5. The draft covenant has been in the course of preparation for several years. It has been conceived of as part of an international bill of rights, to consist of a statement of principles or a common standard of achievement for all countries, which has already taken the form of the Universal Declaration of Human Rights, and of a multilateral convention giving rise to legal rights and obligations in the field of human rights. The Commission on Human Rights was given the task of drafting a suitable international treaty. Sooner or later the General Assembly will be asked to vote on this covenant which, if approved, will then be opened for signature and ratification. A decision by Canada to vote against the covenant would likely result in putting ourselves in this matter in a camp consisting largely of the Soviet Union and its satellites. In any event, it would expose Canada to propaganda attacks designed to show how lightly we regard our Charter commitments and what little importance we attach to the promotion of respect for human rights when we are faced with an opportunity to indicate our good intentions in a concrete form.
6. The strength of the movement in favour of international treaties to protect human rights is shown by the fact that fifteen members of the Council of Europe have recently signed a Convention on human rights and fundamental freedoms. Greece and Sweden have already ratified it and the United Kingdom expects to ratify before the end of this month.
7. As the project of a United Nations covenant is now well under way and is likely to be brought to a conclusion, it is considered that it would be wise for Canada to endeavour to influence its form and content so as to make it as unobjectionable as possible to Canada. Any international treaty drawn up under the auspices of the United Nations will inevitably, however, be the result of compromises between the varying legal systems, civilizations and policies of the participating countries. It is, therefore, too much to hope to obtain an instrument which is entirely satisfactory to Canada or any other signatory.
8. The measures of implementation and enforcement under the covenant provide for the creation of a Human Rights Committee of seven members who will be nominated and elected by the states parties to the covenant. The draft provides that they shall be persons of high standing and of recognized experience in the field of human rights and that in their election consideration shall be given to equitable geographical distribution. In the attached statement it is suggested that they should also, like the judges of the International Court of Justice, be representative of the main forms of civilization and of the principal legal systems of the states parties to the covenant.
9. It is conceivable that accession to the Covenant on Human Rights might, at some future date, mean that action contemplated or taken by the Canadian Parliament would be in conflict with our international obligations. Our accession to an international convention would not, however, render any national legislation ultra vires or prevent Parliament from passing legislation at some future date which might be in conflict with our international obligations. These obligations do not, moreover, go further than the principles we recognize in ordinary practice and do not depart from except in emergencies. To cover such cases there are emergency provisions in the proposed covenant. Our freedom of action in the national sphere thus would not be interfered with from a strictly legal point of view, though in fact treaty obligations of this nature, as of many other kinds, may place limitations on internal policies.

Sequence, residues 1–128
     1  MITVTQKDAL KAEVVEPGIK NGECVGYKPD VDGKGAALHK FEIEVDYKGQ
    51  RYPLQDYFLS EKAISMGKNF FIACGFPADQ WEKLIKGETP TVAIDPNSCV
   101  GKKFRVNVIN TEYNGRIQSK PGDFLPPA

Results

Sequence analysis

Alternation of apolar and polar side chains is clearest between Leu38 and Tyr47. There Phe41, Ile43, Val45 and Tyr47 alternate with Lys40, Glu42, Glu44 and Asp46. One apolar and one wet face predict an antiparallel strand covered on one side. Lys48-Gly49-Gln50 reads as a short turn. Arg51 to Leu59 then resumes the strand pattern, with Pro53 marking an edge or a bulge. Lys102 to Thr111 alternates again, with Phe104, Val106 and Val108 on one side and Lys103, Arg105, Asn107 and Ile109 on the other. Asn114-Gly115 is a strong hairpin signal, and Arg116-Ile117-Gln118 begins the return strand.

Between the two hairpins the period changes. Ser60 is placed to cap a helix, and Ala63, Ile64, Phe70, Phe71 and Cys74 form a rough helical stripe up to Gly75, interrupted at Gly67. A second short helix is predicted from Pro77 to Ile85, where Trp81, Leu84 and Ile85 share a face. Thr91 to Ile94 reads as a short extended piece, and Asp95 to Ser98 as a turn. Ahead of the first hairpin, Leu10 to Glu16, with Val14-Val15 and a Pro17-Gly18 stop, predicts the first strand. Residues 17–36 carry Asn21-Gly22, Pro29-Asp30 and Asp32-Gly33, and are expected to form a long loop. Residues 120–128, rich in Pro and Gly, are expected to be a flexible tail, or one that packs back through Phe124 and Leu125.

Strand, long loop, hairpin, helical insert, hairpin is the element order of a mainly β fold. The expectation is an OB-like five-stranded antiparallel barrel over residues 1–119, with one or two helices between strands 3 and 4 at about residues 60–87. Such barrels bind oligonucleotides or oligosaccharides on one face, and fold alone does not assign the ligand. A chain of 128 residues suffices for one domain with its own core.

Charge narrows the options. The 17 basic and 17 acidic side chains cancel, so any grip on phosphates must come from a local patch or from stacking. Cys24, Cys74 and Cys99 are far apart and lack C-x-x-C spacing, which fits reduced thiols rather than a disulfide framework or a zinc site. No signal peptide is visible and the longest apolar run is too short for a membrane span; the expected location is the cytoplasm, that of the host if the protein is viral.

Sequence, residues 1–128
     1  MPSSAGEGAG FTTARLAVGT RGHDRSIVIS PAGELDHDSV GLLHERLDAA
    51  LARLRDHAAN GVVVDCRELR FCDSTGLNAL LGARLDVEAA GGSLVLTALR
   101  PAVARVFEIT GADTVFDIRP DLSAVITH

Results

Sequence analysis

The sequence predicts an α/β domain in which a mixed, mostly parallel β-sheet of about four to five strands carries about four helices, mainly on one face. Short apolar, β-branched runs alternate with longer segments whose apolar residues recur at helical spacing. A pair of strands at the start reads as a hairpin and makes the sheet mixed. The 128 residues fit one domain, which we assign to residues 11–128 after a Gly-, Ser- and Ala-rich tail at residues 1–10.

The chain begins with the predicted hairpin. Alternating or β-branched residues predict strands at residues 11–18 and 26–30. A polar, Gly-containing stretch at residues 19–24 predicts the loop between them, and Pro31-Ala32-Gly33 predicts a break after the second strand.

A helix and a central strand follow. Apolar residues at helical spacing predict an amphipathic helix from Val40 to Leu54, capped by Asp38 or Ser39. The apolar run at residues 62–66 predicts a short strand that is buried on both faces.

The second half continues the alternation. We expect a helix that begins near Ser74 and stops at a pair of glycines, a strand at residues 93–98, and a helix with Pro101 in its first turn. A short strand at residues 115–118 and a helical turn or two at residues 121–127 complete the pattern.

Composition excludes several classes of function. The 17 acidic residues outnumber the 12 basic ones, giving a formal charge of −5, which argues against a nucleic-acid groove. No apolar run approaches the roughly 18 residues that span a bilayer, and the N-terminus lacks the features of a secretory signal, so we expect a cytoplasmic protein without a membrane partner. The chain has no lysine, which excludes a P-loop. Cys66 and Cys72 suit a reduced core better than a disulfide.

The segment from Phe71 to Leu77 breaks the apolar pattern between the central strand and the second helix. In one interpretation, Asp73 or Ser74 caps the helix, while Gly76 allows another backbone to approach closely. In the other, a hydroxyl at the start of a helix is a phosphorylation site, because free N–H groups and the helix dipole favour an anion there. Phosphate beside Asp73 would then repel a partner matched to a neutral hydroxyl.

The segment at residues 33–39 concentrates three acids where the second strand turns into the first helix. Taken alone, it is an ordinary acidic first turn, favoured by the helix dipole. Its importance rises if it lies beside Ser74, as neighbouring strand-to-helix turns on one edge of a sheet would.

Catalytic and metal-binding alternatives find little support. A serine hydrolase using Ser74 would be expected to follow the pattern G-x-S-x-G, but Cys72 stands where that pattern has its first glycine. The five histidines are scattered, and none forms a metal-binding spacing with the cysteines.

10. Our adherence to the covenant might result in increased public pressure for a domestic Bill of Rights, though this is not certain, but the covenant provides an answer to such a demand as it gives the government an opportunity to explain that it has assumed these obligations to protect human rights in an international treaty as a matter of public policy and that this is not inconsistent with its policy in respect to domestic legislation for promoting the observance of human rights. It could be added that while the government relies on the traditional legal methods of protecting human rights in Canada, it considers that the covenant will be helpful internationally in promoting respect for these rights and in psychological warfare against the Soviet world.
11. Considerable public interest has been shown in this project for a multilateral convention on human rights and it is likely that questions may be asked in Parliament on the Canadian Government's attitude towards it. The attached statement has, therefore, been drafted not only to meet the United Nations request, but also to be of use in Parliament should it be required for this purpose.
12. At the outset the statement indicates the constitutional and legal difficulties raised by the draft covenant. On the first eighteen articles of the draft covenant which define the human rights and freedoms with which it is concerned, the view is expressed that the scope or content of the draft text is generally satisfactory, though one or two secondary provisions might be deleted, but that the form or quality of drafting requires substantial revision. A number of examples is given of the drafting changes that appear to be called for.
13. On the proposal to include a federal state clause in the covenant, under which the legal obligations would, in the case of federal states, be limited to those matters coming within federal jurisdiction, it is stated that, in the absence of a satisfactory federal clause, Canada could not become a party to the covenant-The text for a federal clause suggested by India appears satisfactory. The statement also supports the inclusion of a colonial application clause under which a state with dependent territories would be able to adhere to the covenant without automatically and immediately binding these territories.